Apple Announces iPhone 6, iPhone 6 Plus, iWatch, iOS8, and Apple Pay
Apple announced a stunning array of upgraded and new products yesterday.
Apple announced a stunning array of upgraded and new products yesterday, beginning with their annual attempt to render their current phones obsolete:
Apple® today announced iPhone® 6 and iPhone 6 Plus, the biggest advancements in iPhone history, featuring two new models with stunning 4.7-inch and 5.5-inch Retina HD displays, and packed with innovative technologies in an all-new dramatically thin and seamless design. The new iPhones feature a precision unibody enclosure of anodized aluminum that conforms seamlessly with the shaped glass of the display, resulting in a completely smooth and continuous surface. iPhone 6 and iPhone 6 Plus are engineered to be the thinnest ever, delivering a bigger display in a design that is still comfortable to hold and easy to use.
Packed with innovative new technologies, iPhone 6 and iPhone 6 Plus include: the Apple-designed A8 chip with second generation 64-bit desktop-class architecture for blazing fast performance and power efficiency; advanced iSight® and FaceTime® HD cameras; ultrafast wireless technologies; and Apple Pay™, an easier way to simply and securely make payments with just the touch of a finger.¹ Both models include iOS 8, the latest version of the world’s most advanced mobile operating system, featuring a simpler, faster and more intuitive user experience with new Messages and Photos features, QuickType™ keyboard, a new Health app, Family Sharing and iCloud Drive℠.
“iPhone 6 and iPhone 6 Plus are the biggest advancements in iPhone history,” said Tim Cook, Apple’s CEO. “The iPhone is the most loved smartphone in the world with the highest customer satisfaction in the industry and we are making it much better in every way. Only Apple can combine the best hardware, software and services at this unprecedented level and we think customers are going to love it.”
For the first time iPhone is available in two new sizes: iPhone 6 features a stunning 4.7-inch Retina® HD display with 1334 x 750 resolution, providing 38 percent more viewing area than iPhone 5s, while iPhone 6 Plus features an even bigger 5.5-inch Retina HD display with 1920 x 1080 resolution, providing 88 percent more viewing area and nearly three times the pixels than iPhone 5s. The Retina HD displays offer advanced technologies including higher contrast for deeper blacks and dual-domain pixels for more accurate colors at wider viewing angles.
With second generation 64-bit desktop-class architecture, the all-new A8 chip offers faster performance and is more energy efficient, delivering higher sustained performance with great battery life. With Metal™, a new graphics technology in iOS 8, developers can take performance of the A8 chip even further to bring console-class 3D games to iPhone. The A8 chip also includes a new, powerful Apple-designed image signal processor that enables advanced camera and video features.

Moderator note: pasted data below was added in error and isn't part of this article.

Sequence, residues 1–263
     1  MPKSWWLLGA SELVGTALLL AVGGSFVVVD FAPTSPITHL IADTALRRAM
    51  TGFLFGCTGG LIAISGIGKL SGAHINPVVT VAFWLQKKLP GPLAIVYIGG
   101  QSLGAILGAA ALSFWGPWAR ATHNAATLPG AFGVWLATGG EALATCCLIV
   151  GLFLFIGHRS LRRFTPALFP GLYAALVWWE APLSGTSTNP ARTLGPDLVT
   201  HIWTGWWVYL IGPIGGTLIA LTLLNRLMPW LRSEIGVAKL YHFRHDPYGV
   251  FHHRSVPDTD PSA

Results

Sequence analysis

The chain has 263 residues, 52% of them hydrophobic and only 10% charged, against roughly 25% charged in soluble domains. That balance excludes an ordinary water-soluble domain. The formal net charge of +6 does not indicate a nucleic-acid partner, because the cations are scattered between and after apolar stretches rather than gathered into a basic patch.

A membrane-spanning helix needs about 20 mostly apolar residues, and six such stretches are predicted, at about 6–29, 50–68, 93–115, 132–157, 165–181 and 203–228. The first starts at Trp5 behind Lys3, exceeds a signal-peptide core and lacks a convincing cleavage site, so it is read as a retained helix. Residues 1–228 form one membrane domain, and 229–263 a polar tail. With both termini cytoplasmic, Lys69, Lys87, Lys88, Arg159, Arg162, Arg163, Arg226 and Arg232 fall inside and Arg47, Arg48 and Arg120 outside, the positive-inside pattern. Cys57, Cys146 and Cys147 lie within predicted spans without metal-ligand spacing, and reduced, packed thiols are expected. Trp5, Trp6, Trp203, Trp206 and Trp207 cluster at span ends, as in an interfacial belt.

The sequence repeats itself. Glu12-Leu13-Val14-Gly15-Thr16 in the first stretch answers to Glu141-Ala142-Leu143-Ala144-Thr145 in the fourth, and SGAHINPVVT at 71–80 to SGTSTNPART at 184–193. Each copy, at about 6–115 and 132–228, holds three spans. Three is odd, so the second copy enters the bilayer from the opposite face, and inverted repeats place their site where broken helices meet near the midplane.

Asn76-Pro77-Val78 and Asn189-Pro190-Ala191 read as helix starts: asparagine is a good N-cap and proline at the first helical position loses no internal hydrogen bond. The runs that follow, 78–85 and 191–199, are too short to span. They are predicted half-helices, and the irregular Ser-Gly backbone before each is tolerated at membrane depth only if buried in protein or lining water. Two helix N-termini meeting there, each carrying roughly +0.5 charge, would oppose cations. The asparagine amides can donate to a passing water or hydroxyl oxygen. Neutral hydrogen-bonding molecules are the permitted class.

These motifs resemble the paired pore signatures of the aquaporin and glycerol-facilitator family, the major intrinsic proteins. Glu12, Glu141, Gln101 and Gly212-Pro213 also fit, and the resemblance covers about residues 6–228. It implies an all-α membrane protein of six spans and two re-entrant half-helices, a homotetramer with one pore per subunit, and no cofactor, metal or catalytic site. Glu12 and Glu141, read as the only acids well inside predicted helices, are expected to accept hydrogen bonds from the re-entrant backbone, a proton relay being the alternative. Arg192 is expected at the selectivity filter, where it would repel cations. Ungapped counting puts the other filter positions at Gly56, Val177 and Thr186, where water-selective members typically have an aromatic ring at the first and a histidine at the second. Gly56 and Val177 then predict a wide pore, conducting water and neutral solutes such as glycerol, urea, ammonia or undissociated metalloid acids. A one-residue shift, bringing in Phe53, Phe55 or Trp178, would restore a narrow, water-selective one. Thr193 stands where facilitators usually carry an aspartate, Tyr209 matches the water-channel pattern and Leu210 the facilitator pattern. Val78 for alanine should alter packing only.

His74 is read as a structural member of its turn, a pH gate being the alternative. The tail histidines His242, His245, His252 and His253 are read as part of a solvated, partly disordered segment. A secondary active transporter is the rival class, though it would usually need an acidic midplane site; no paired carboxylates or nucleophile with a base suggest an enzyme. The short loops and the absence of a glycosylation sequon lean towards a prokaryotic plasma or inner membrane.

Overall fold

Both models include the M8 motion coprocessor that gathers motion data from the accelerometer, gyroscope, compass and the new barometer, which senses air pressure to provide relative elevation. The M8 motion coprocessor can continuously measure your motion data, even when the device is asleep, saving battery life for fitness apps that use the sensors all day. With iOS 8, motion data from M8 appears in the Health app so you can see how many flights of stairs you’ve climbed, or how far you’ve walked or run. Developers can use CoreMotion APIs that take advantage of M8 and HealthKit to create apps that help you take better care of your health and fitness.
They’re hyping these as “The Biggest Advancements in iPhone History,” which seems plainly silly. Still, these appear to be substantial upgrades. Moreover, by offering both a slightly-larger-than- current-generation iPhone 6 in addition to the iPhone 6 Plus “phablet” they’ve allayed the fear that I’ve had during the pre-announcement hype phase that I’d be forced to chose between a too-big-for-my-pocket phone and switching to a new ecosystem entirely a year from now when I replace my current iPhone 5s.
I’d be interested in reader thoughts on these new phone sizes. While there are obvious advantages to larger screens from a usability standpoint, I’d presume it comes at the cost of portability. When I’m in a suit or sportcoat, I’ve got a large inside pocket in which to carry my phone; even the iPhone 6 Plus would fit fine. But I tend to carry my phone in my front pocket if I’m in casual clothes and it’s too hot to wear a jacket.
Amusingly, simultaneous to joining the large screen bandwagon, Apple is going all Dick Tracey with a wearable device.
Apple® today unveiled Apple Watch™—its most personal device ever—featuring revolutionary new technologies and a pioneering user interface with a beautiful design that honors the rich tradition of precision watchmaking. Apple Watch introduces a specially designed and engineered Digital Crown that provides an innovative way to scroll, zoom and navigate. The Digital Crown is Apple’s most revolutionary navigation tool since the iPod® Click Wheel and iPhone® Multi-Touch™. Apple Watch will enable you to communicate in new ways right from your wrist by sending and receiving messages, answering calls to your iPhone, and with Digital Touch, sending something as personal as your own heartbeat. Apple Watch also introduces comprehensive health and fitness apps that can help people lead healthier lives. Apple Watch is available in three distinct collections—Apple Watch, Apple Watch Sport and Apple Watch Edition.